Thinking Outside the Xbox

johnfaceSince it was first announced back in May of 2013, the Xbox One has had a very complicated existence. From it’s controversial “always on” DRM functionality to the forced implementation of the promising (but ultimately underwhelming) Kinect technology, things were tough for Microsoft’s new console from the very beginning. Negative press plagued the Xbox One all the way to launch day, and Sony saw blood in the water with the critical reaction to the Xbox One and brilliantly targeted it’s weakness to give themselves a decisive advantage. When the console race officially kicked off that fall, Sony was already halfway around the track while Microsoft was still tying it’s shoes.

To their credit, Microsoft righted the ship in many critical ways. They reversed many of the controversial policies surrounding the console’s launch and showed Don Mattrick (President of Microsoft Interactive Entertainment) the door. By bringing in Phil Spencer to take over as the new head of Xbox, they were not only handing the reigns to somebody with decades of experience at Microsoft but also somebody who had the respect of the gaming community and who obviously has a great deal of respect for them in return. And things did start to turn around for the console,  but for as terrific of a job as Spencer has done since taking over, it has become clear that Xbox is not the same market leader that it was for most of the last console generation.

IMG_2414Recently it has become apparent that Phil Spencer and Microsoft have a new vision for the Xbox brand. One that is radically different from that sloppy, confusing message delivered 3 years ago on stage at E3.  They are envisioning a future where you have the freedom to play the games you want, wherever you want, and where the lines between console and PC gaming are increasingly blurred. It’s a road map to the future that has many people excited but also has some worried about what it means for the $500 box that they purchased on launch day. Let’s take a look at some of the big changes in store for the Xbox One.

  • The first big step towards their new philosophy began last November with the release of the New Xbox Experience which brought their Windows 10 operating system to the console. Gamers could now stream Xbox games to any Windows 10 device including PCs, laptops, tablets and phones. It also introduced Backwards Compatibility to the system, allowing players to access an ever increasing library of their purchased Xbox 360 titles.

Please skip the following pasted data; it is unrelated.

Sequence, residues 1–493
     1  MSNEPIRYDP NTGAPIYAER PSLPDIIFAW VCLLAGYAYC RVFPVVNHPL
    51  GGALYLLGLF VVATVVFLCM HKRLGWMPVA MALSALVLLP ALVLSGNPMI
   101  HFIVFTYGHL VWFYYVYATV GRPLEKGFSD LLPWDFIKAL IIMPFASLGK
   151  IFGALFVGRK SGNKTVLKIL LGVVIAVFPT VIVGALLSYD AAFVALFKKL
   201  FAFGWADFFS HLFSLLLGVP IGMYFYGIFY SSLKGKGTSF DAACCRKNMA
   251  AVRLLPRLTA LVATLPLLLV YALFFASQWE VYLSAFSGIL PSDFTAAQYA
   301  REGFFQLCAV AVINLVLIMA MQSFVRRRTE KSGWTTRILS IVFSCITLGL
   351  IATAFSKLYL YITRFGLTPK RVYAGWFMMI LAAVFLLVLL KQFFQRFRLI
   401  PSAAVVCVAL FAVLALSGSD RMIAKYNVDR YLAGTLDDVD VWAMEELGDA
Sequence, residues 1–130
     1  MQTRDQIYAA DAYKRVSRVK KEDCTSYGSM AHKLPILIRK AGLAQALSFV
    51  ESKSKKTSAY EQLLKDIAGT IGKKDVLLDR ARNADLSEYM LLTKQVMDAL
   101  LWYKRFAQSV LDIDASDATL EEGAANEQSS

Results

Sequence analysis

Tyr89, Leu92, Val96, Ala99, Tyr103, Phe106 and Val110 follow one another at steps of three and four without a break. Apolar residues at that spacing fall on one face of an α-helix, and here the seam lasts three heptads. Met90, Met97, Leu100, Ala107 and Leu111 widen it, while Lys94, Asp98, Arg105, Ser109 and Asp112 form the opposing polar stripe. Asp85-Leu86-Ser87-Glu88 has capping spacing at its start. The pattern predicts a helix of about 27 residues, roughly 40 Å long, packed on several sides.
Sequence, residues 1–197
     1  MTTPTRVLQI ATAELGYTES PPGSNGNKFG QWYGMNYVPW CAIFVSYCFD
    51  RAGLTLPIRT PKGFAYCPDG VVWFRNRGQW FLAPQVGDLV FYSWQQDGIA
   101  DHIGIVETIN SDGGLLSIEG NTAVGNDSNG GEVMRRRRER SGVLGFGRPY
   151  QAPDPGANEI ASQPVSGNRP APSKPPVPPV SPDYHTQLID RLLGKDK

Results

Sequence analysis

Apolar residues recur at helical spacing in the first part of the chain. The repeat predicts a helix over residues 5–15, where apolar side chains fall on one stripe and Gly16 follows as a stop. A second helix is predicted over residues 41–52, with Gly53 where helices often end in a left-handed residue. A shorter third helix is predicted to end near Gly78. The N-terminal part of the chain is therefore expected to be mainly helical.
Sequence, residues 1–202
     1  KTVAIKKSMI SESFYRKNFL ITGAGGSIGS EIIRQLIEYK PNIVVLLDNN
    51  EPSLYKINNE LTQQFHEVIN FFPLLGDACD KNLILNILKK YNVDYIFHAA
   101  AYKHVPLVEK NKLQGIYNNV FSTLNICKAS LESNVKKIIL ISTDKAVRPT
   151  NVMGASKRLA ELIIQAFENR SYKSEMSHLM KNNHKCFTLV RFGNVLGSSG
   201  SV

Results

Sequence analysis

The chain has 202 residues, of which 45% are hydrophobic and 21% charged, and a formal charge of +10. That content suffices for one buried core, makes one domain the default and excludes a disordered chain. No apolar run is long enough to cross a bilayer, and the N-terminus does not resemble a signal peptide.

• Another step they’re taking is making many of their biggest games available on both of their gaming platforms. They’ve already brought third party exclusives such as Dead Rising 3, Ryse: Son of Rome and Gears of War : Ultimate Edition to PC and they recently announced that Quantum Break will be coming to the Windows store on the same day as Xbox One as well as all future Forza games.
  • Later this month Microsoft plans on unveiling the first of their Universal Windows Apps. This will allow developers to design apps that work across all of their platforms from Xbox One to PC and phones. They are also planning on bringing their voice activated Cortana feature (think Siri) to the Xbox One later in the year.
  • Microsoft has also taken the first steps in making true cross platform multiplayer games a reality. They announced that Rocket League will be their first game to allow PC and Xbox users to play together and issued an open invitation to console makers that they are ready to open up multiplayer gaming to their networks as well. If Sony agrees, it might not be long before you can play Destiny or The Division on your Xbox One with friends who own a Playstation 4.
  • Perhaps the most ambitious and interesting glimpse into the future of Xbox is Phil Spencer’s recent statement that he thinks consoles should (and will) be upgradable similar to the way that you would with your PC. This means we could see the end of console generations as you could improve the graphics and performance of your console through upgrades. He also mentioned the desire to make all Xbox games forward compatible meaning that you would never have to worry about not being able to play your current games on future hardware.

So what exactly does all of this mean for the future of the Xbox? It’s hard to say really. The kinds of policies Microsoft is talking about are really breaking new ground in the console space. If they manage to pull off the things they’ve recently outlined it would do nothing short of change console gaming forever. Some Xbox owners though are worried that this means that Microsoft is abandoning console gaming to focus more heavily on the PC, but I wouldn’t trade in your system to Gamestop just yet. What I think it means is that Spencer and the team at Xbox recognize that console gaming cannot afford to stay stagnant and rely on the beginning of new console generations to introduce innovations, especially when PC gaming is evolving at such a rapid pace.

Whether or not this new vision of the future succeeds or not won’t be known for awhile. But what I can say is that under the leadership of Phil Spencer, Microsoft has transformed the way that the Xbox division does business. Their messaging is now transparent and their ambitious goals for the future are clear. And judging by the way that Spencer has managed to turn things around in the short amount of time that he’s been at the helm, I wouldn’t put it past him to pull it off.  I will gladly go along for the ride and see where he leads Xbox gamers next. In Phil we trust.


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